The difference between brands is mostly the dilution and price, there are different ingredients but they all do the same job.
If you do let your bottles or equipment stay dirty between uses, they are more likely to harbour bacteria, and may require more scrubbing and the use of brewing-safe detergents, so save yourself the effort and rinse everything after you've used it.
Put simply, there is no difference in the quality or taste of your brew. Your beer will ferment, and carbonate the exact same way.
Glass will last a lifetime (excluding breakage). PET bottles and HDPE fermenters will last a long time if well cared for, however aggressive cleaning will scratch plastic surfaces and plastics left in harsh conditions (full sun, extremes of temperature) will degrade and shorten lifespan. Lids, o-rings, grommets etc can be replaced to recondition plastics.
The short answer is about 3 weeks. The long answer is that this comes down to 2 parts:
Fermentation; which is the time is takes for the yeast to finish converting sugar to alcohol. If you do not allow the yeast to finish their job, it can open your brew up to other problems such as bottle explosions and “off” flavours, which is a beer that just doesn’t taste as good as it should!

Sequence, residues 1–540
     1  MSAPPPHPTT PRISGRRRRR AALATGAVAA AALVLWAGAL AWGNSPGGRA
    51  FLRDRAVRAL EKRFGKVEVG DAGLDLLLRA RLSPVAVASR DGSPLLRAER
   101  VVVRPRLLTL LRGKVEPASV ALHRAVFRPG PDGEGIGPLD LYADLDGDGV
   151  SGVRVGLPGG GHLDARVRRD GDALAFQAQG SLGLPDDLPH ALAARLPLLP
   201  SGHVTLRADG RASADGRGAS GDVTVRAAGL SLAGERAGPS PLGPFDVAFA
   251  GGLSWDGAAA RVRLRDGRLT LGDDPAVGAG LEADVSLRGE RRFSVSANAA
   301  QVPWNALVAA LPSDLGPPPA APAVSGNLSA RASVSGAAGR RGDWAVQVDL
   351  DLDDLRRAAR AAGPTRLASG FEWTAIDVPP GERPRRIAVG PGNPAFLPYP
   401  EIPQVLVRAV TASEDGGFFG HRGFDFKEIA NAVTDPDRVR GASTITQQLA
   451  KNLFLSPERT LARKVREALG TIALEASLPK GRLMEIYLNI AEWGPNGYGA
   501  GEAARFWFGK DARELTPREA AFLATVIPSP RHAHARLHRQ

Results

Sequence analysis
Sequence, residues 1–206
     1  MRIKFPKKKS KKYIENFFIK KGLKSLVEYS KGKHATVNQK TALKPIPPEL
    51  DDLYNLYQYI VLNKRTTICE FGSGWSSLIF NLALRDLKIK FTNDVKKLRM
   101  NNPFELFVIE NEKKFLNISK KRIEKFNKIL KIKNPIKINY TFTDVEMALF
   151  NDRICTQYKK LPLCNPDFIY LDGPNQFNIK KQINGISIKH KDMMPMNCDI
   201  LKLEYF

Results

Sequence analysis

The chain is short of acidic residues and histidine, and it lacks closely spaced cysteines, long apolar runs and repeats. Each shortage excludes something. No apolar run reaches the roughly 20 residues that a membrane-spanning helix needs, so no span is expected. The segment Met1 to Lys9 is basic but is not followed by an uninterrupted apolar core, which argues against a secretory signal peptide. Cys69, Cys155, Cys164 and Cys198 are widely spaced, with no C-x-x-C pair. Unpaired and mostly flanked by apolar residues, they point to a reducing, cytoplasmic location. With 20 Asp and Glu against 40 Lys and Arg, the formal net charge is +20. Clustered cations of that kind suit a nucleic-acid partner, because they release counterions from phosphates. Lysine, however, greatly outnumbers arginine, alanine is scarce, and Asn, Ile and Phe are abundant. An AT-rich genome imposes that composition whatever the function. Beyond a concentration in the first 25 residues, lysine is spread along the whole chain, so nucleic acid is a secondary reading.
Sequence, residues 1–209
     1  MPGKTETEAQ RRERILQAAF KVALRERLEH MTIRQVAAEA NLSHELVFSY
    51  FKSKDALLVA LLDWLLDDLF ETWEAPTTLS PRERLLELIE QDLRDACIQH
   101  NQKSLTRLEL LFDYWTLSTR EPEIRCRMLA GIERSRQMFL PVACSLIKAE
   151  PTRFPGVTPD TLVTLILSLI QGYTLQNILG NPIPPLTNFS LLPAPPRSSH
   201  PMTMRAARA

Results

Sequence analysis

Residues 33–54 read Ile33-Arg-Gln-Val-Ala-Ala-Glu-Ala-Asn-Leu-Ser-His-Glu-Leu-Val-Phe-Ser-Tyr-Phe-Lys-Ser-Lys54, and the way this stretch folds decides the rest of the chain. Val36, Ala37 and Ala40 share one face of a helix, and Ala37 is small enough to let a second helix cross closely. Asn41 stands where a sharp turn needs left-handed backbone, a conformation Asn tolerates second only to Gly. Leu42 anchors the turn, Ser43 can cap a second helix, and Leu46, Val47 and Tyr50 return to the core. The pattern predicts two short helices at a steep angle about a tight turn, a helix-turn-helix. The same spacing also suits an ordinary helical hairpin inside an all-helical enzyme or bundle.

The fermentation stage is a most critical time in brewing for achieving best results. A little bit of patience will give you a much nicer brew! Leave the ferment for at least 5 days, although about 10 will be even better.
Bottle Conditioning; the time taken for the beer to re-ferment in the bottle and carbonate. The minimum amount of time to wait is 2 weeks, your beer should be carbonated by that time, however longer in the bottle tends to improve the flavour of the beer. Try some at 2 weeks, but see if you can detect an improvement at the 3 or 4 week mark.
So often we get told that liquid yeast is "better" than dry, and at The Hop + Grain we disagree strongly! If you can tell us why liquid yeast is better than dry, please do as we haven't heard a valid answer yet. They will both do the same job – ferment.